The question is, why is it that the central disk of the medusa does not pulsate in sea-water when its sense-clubs are removed? Curiously enough, if we stimulate the disk in any manner, such as by a mechanical or electrical shock, or by touching it with a crystal of common salt, it gives a few vigorous pulsations and then lapses into quiescence.
But if we cut out the center of the medusa and also remove the rim, thus forming a ring tissue without sense-organs (Fig. 2), this
Fig. 1. Living Medusæ of Cassiopea xamachana on a Sandy Bottom. The large medusa in the middle is in the natural attitude with its mouth-arms uppermost. The smaller medusæ have been turned over in order to show their pulsating disks.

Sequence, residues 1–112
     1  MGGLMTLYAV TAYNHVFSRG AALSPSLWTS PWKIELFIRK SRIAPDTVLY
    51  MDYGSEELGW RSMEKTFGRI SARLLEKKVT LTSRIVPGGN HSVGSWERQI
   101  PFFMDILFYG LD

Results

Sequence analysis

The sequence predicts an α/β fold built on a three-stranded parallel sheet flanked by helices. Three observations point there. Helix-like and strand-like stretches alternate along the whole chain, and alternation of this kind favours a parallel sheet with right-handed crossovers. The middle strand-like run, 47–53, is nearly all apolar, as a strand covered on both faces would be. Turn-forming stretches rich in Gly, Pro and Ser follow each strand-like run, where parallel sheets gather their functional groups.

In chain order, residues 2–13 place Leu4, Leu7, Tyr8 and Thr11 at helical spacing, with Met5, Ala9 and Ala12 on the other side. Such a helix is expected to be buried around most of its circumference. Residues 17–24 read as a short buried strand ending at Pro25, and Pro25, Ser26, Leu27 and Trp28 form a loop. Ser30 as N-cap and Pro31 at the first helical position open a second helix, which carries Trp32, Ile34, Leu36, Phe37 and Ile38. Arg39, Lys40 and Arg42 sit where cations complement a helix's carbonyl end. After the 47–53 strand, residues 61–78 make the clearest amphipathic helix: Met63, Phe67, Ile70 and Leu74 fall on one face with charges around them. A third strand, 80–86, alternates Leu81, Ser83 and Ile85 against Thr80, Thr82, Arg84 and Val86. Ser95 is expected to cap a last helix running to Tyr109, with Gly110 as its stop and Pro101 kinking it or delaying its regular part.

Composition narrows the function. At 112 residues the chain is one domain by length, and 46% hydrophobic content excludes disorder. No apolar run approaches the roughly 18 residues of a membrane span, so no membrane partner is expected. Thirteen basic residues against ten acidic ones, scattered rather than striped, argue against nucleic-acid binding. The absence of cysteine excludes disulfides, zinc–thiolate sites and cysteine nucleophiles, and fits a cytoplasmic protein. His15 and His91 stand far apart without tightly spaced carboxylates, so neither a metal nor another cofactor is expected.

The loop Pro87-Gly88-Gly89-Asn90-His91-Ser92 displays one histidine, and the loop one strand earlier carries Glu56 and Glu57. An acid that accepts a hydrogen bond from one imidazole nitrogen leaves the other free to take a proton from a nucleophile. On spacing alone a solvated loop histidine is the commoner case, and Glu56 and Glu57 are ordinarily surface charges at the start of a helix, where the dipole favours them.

ring remains quiescent in sea-water unless we stimulate it at any point such as at S with a single momentary touch of a crystal of potassium, or in some other manner, when a contraction-wave starts out from the point touched. In a narrow ring, however, the waves can go only in opposite directions from the stimulated point. Now one of these waves is apt to be strong and the other weak; for the nervous network which